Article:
The Girl Who Thought in Pictures: The Story of Dr. Temple Grandin by Julia Finley Mosca

Beautifully written non-fiction picture book, The Girl Who Thought in Pictures by Julia Finley Mosca, tells the inspiring story of Dr. Temple Grandin. I learned so much about one of my scientist heros and motivated by her actions in regards to her given shortcomings.

Dr Grandin, was born with autism and before she was given a diagnosis doctors wanted to give up on her and send her to a special hospital that would "care" for her needs. Her mother ignored the suggestions and did what she could to help her at home. When it came for Dr. Grandin to attend school, things were more difficult for her ownself to handle, causing her too much stress. Mom saved the day, once again and sent her to live with her sister on the farm. 

Here, Dr. Grandin flourished within the peaceful country environment, allowing her to take notice of what was happening in her mind without all of the distracting chaos. She began to see pictures in her head. From my understanding, rather than processing thoughts in words; she formed images instead. Later that fall, she attended a new school with an amazing teacher who opened a door to science and the given the power to make discoveries and explore her pictures. This led her to innovative steps for farm animals and achieved three degrees in college!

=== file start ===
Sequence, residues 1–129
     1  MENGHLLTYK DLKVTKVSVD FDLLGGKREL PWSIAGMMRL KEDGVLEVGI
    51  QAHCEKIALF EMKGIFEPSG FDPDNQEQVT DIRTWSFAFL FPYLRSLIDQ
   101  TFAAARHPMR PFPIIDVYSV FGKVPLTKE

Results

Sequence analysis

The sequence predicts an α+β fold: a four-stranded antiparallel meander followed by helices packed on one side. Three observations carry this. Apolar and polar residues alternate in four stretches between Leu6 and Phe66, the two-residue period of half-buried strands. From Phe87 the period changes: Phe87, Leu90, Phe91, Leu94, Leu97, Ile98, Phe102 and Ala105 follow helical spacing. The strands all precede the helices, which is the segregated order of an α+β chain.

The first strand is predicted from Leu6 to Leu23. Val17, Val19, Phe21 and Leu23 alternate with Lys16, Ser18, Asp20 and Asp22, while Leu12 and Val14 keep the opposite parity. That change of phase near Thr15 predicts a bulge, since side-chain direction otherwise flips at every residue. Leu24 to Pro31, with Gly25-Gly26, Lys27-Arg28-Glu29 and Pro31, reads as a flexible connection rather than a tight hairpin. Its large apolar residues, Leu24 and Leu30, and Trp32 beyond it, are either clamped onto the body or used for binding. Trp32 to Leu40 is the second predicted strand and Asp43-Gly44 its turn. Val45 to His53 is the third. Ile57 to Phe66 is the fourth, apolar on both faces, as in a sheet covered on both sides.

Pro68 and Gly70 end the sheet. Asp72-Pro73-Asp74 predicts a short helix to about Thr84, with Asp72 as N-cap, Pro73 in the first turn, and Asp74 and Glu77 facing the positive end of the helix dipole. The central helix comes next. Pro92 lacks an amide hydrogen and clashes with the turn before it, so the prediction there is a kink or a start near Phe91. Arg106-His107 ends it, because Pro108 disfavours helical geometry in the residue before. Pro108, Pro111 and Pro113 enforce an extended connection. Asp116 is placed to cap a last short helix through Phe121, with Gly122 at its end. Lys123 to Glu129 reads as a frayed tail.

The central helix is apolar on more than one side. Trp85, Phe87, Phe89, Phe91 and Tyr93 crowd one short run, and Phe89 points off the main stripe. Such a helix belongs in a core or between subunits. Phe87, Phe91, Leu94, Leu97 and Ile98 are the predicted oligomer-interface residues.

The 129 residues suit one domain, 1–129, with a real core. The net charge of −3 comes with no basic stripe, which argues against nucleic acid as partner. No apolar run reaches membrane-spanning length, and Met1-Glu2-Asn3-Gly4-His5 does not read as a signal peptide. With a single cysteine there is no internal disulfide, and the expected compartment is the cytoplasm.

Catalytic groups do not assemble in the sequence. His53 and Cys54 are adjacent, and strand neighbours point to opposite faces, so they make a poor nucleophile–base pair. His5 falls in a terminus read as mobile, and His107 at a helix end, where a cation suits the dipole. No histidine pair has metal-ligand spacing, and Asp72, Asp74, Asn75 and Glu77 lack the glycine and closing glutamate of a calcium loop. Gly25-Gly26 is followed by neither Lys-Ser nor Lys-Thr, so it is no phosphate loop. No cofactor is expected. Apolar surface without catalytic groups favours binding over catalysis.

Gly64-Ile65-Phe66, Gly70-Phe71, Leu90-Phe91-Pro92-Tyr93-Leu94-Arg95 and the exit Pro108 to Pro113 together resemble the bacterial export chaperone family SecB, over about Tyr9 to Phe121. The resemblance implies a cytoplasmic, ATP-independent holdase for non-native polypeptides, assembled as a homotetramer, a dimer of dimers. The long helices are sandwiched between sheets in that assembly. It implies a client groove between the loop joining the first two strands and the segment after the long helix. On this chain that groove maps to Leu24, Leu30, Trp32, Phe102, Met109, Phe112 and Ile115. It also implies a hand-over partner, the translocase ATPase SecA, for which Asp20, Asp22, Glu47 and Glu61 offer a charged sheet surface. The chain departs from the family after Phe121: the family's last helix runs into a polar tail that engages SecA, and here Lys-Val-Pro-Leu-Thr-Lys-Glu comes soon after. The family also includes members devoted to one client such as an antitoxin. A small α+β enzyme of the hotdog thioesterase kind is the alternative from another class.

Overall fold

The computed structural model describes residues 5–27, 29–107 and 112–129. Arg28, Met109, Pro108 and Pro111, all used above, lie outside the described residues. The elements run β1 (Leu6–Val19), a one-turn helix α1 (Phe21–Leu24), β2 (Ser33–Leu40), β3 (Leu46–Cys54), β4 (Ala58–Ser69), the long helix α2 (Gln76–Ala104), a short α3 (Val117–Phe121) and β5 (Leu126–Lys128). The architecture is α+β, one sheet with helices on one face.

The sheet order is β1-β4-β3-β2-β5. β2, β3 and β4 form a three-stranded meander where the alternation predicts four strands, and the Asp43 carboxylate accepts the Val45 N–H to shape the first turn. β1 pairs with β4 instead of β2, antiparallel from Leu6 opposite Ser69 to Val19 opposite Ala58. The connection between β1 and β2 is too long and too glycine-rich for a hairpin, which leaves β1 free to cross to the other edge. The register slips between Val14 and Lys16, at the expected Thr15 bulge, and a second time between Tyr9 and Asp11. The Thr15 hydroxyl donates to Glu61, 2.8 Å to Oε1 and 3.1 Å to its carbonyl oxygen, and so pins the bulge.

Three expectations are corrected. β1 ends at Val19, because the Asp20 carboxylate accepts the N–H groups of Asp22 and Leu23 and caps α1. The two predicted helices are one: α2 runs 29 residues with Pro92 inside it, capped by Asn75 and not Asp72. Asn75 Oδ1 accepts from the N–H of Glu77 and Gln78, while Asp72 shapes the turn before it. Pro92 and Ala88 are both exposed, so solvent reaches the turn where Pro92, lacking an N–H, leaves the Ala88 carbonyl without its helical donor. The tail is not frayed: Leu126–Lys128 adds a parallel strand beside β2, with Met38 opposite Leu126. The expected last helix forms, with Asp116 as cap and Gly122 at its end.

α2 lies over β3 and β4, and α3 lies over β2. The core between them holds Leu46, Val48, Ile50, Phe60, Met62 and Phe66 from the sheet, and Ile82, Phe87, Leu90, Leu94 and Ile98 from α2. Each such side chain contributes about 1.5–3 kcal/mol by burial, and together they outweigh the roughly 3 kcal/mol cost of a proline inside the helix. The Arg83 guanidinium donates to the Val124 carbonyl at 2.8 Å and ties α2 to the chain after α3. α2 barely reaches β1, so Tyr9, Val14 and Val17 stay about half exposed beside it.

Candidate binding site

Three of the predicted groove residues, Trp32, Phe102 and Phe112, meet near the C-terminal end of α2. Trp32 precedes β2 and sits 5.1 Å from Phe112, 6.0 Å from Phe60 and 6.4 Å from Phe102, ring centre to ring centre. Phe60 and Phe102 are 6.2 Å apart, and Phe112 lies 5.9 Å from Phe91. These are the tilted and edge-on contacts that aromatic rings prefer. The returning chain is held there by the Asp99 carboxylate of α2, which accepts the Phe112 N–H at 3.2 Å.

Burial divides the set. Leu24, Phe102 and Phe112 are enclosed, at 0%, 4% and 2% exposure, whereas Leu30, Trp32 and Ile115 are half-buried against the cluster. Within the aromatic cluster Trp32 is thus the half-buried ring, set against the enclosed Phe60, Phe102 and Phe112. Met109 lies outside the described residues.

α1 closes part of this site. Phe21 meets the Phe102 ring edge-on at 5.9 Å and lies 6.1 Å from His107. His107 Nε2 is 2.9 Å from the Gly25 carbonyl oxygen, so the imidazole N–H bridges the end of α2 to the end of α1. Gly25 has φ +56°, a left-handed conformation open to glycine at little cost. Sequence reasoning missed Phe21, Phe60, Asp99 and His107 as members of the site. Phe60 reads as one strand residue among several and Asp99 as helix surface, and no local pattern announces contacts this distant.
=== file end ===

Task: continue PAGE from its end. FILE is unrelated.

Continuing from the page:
This book gives me all the good feelings! What an incredible story of doing things anyway. Just because one is not the "norm" and is different doesn't mean that he or she is worth any less than the rest of us. I am so glad that her mom, her aunt, and her second teacher did not give up on her like the doctors did. Not only do we have better designs in agriculture because of her life, we also have this amazing women that travels to world to share the message: "Being DIFFERENT might just be what make you NEAT!"

Earlier today, I saw the following meme that pairs well with today's book:

Image: Found on Twitter
"Tetris, taught me that when you try to fit in, you'll disappear." Had the doctors or family tried to make Dr. Gandin "fit in" to our society or not allowed her to participate in "normal" daily life ... this girl who thought in pictures would have slipped through the cracks and went unnoticed. 

I read this book as a part of my #BookaDay Reading Challenge, inspired by Donalyn Miller. My goal is to read at least one children's literature book everyday and share my thoughts here on my blog. Please feel free to subscribe or connect with me on social media to follow my journey through the books I read. Until next time ...


  1. Love the book and the meme. I had to show this to my family as my wife used to play a lot of Tetris. Thanks for the post!

    1. Thank you, Aaron. I am so glad that you were able to relate. I had to explain to my daughter what Tetris was before she could understand it.

      a latte of blessings & sparkles, Jeanie


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